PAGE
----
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1st LACA School: Small-Molecule Crystallography

Leopoldo SuescunNatalia AlvarezGuzmán Peinado
[1LACASSMC group photo]

The first Latin American Crystallographic Association school devoted to small-molecule crystallography (1LACASSMC, http://lacassmc.fq.edu.uy/) was held from 19 to 25 February 2018 at the Facultad de Química, Universidad de la República, Montevideo, Uruguay. Profiting from the momentum gained from the organization of two IUCr/UNESCO OpenLabs in 2014 and 2016, the core of the organization and lecturers from these events (Leopoldo Suescun and Natalia Alvarez from Uruguay, Javier Ellena and Hamilton B. Napolitano from Brazil, and Bruce Noll from USA) was spiced-up for this first official LACA school, which is actually a continuation of a long tradition of regional education in crystallography. The addition of Florencia Di Salvo (Argentina), Vojtech Jancik (Mexico), Silvina Pagola (USA) and Tony Linden (Switzerland) to the cohort of lecturers provided the school with the best of the region's small-molecule crystallographers and lecturers, plus an international flavor.

The Local Organizing Committee (Leopoldo Suescun, Natalia Alvarez and Guzmán Peinado from Facultad de Química) obtained financial support from the IUCr, Bruker AXS, Agencia Nacional de Investigación e Innovación, D2C2-Ministerio de Educación y Cultura, ASM SRL (Bruker representative in Uruguay), FUNDAQUIM and PEDECIBA (Uruguay) and the Cambridge Crystallographic Data Centre to grant travel and local expenses support for students from all over Latin America. The event brought together 39 participants (professors, postdocs, PhD, MSc and undergraduate students) from Argentina (6), Bolivia (1), Brazil (8), Chile (4), Colombia (2), Costa Rica (1), Guatemala (1), México (2), Panamá (1), Paraguay (1) and Uruguay (11). They all had the chance to learn the fundamentals of crystallography and the application of single-crystal and powder X-ray diffraction to the study of small-molecule structure. In addition, participants experienced all the processes of single-crystal X-ray diffraction, from crystal selection and mounting to CIF preparation, with practice samples and data. The practical aspects of the school centered on the Bruker D8 Venture diffractometer, installed in 2014, and APEX3 software. The students were provided with temporary licenses for the software and the Cambridge Structural Database to complete their structural analysis and learn about databases. Additionally, over a dozen very excited participants brought single crystals and were able to select and mount them, collect their own data, and perform the structure determination and refinement of the structures themselves with the assistance of tutors, lecturers and fellow participants.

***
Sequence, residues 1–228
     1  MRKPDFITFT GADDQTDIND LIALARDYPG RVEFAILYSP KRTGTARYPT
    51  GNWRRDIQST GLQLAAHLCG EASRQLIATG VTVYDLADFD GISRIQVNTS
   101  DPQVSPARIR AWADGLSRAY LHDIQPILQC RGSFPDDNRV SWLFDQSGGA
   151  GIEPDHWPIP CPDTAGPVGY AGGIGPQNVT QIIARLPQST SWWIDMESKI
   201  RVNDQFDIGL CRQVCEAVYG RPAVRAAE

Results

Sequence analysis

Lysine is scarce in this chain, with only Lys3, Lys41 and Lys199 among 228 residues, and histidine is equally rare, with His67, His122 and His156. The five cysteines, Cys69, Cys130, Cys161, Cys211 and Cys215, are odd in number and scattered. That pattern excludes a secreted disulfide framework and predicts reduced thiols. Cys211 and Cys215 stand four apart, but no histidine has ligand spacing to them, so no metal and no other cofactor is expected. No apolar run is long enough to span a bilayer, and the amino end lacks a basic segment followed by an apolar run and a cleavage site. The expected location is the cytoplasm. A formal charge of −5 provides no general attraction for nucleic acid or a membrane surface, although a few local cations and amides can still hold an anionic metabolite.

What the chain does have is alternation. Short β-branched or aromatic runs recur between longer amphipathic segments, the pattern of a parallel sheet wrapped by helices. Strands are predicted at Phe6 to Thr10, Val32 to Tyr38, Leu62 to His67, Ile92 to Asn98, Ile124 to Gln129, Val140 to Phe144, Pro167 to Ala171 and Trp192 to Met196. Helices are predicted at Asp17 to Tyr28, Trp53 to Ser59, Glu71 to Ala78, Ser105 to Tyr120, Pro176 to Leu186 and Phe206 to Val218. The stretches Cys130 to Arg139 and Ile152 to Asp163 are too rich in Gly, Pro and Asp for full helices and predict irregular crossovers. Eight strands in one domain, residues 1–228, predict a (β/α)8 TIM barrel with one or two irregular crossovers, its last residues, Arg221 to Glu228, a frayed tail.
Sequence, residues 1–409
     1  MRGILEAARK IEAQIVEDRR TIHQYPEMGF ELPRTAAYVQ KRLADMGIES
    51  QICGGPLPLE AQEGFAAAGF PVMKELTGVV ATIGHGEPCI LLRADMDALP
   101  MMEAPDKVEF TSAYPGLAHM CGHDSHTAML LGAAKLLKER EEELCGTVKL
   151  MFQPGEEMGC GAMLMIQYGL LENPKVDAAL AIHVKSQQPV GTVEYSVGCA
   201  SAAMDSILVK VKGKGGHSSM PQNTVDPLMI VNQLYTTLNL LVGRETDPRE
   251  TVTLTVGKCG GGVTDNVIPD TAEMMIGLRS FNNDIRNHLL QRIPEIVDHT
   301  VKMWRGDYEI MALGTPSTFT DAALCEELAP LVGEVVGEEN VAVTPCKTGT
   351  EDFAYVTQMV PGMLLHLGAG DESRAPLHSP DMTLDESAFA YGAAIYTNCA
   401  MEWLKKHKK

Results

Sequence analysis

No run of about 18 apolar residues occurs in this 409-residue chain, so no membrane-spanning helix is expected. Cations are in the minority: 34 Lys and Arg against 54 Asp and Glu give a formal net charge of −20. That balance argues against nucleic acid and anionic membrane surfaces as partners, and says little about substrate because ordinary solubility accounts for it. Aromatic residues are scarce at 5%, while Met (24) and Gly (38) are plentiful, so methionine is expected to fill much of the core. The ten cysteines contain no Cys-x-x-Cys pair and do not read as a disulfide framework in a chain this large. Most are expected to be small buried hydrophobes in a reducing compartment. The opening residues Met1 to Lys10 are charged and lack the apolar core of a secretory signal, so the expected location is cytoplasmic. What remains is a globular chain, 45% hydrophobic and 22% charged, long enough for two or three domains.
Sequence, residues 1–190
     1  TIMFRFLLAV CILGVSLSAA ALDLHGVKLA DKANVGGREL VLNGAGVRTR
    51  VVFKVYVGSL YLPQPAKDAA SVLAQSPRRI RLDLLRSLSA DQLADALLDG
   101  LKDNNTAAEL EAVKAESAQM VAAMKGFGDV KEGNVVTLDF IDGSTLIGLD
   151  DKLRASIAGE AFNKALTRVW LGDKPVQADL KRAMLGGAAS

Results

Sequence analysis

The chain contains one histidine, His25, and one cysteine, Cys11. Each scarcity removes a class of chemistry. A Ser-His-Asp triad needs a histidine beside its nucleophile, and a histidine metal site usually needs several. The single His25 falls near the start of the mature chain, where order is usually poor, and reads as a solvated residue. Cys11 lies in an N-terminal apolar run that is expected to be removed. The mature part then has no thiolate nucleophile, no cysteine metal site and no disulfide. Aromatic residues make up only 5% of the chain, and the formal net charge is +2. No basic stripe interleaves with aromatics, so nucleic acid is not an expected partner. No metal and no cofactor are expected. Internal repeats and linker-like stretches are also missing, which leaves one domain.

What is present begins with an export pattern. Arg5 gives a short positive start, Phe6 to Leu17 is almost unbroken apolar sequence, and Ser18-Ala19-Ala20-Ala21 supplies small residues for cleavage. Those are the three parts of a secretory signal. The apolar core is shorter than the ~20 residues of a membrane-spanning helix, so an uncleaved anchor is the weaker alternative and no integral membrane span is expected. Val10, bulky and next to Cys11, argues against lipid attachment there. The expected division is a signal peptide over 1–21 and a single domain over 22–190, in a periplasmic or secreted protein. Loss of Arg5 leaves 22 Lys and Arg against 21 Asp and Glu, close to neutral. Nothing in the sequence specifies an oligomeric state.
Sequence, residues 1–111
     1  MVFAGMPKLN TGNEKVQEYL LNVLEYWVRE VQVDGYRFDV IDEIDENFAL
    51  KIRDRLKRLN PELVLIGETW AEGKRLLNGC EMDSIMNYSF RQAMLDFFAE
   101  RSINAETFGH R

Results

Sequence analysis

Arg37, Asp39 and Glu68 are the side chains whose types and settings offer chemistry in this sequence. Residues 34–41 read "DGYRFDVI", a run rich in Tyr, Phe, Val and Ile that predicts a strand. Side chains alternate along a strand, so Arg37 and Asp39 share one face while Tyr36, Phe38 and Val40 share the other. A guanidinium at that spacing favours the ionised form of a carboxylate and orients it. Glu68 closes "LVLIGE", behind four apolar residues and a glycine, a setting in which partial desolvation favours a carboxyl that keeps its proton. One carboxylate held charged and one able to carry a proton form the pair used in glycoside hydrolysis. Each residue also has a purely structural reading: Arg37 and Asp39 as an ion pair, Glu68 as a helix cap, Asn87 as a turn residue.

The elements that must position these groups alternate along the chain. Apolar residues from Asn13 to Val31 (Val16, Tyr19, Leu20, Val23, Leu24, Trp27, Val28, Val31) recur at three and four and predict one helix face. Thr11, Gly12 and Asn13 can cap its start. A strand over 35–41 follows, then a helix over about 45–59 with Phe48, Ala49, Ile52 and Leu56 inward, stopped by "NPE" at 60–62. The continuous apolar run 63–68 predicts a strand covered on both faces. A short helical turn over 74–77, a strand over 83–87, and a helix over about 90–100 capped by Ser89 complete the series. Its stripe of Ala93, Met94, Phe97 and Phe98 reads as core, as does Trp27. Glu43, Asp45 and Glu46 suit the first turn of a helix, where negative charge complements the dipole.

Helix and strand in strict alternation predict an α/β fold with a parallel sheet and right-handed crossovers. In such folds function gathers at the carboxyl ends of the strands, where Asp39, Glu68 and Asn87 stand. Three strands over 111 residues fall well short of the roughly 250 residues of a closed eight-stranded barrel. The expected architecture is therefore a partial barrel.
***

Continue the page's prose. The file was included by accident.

The school program included 20 hours of lectures and 5 hours of practical sessions on the fundamentals of crystallography taught in Spanish by Professors Di Salvo (INQUIMAE, Universidad de Buenos Aires, Argentina), Ellena (Instituto de Física de São Carlos, Universidade de São Paulo, Brazil), Jancik (Departamento de Química, UNAM, Toluca, Mexico), Pagola (Hampton University, VA, USA) and Suescun (Facultad de Química, Universidad de la República, Montevideo, Uruguay). Moreover, 6 hours were taught in Portuguese by Professor Napolitano (Universidade Estadual de Goiás, Brazil) and 14 hours in English by Professor Linden (Department of Chemistry, University of Zurich, Switzerland) and Bruce Noll (Bruker AXS, Madison, WI, USA). During the practical sessions and data handling sessions all lecturers and the tutor (N. Alvarez) were available for discussion. Starting on Wednesday, the participants who had brought crystals had the opportunity to collect data with Bruce Noll.

The intense program included a social dinner held on Wednesday and a free afternoon that allowed the majority of the participants to catch up with the topics and work on their own problems (in addition to sightseeing in Montevideo in the evening).

[1LACASSMC]Top row, l-r: Professor Linden (Switzerland) presenting the opening lecture; participants at the opening lecture; Professor Jancik (Mexico) lecturing on the use of SHELX to solve disordered structures. Bottom row, l-r: social dinner; Miguel Martínez (Paraguay) and João de Araújo (Brazil) talk about crystals while Bruce Noll (USA) in the background checks a data collection run; Maia Mombrú (Uruguay) presents the results of her structure determination and refinement of a salicylic acid crystal grown by high school students who won the 2017 national crystal growing competition (see http://www.cncc.fq.edu.uy/).

On Saturday afternoon, 5 hours were dedicated to finishing the participants' problems, such as refining disordered and twinned crystals and even structures with powder diffraction data using WinPSSP software [Pagola, Polymeros & Kourkoumelis (2017), J. Appl. Cryst. 50, 293-303]. Sunday morning was devoted to student presentations given by 8 of the participants who solved their own problems or available data, and an exam taken by 23 participants who will receive academic credit for their participation in 1LACASSMC, completing the total of 55 hours.

An anonymous evaluation form was provided for the students to give their own opinions on different aspects of the school. Except for the unanimous feeling that the course was very intense, the large majority of comments were positive and some helpful remarks were given that will help organize future schools of this kind in Latin America. A detailed report of the opinions of participants given in the evaluation form can be downloaded from our official website, http://lacassmc.fq.edu.uy/.

 
3 August 2018

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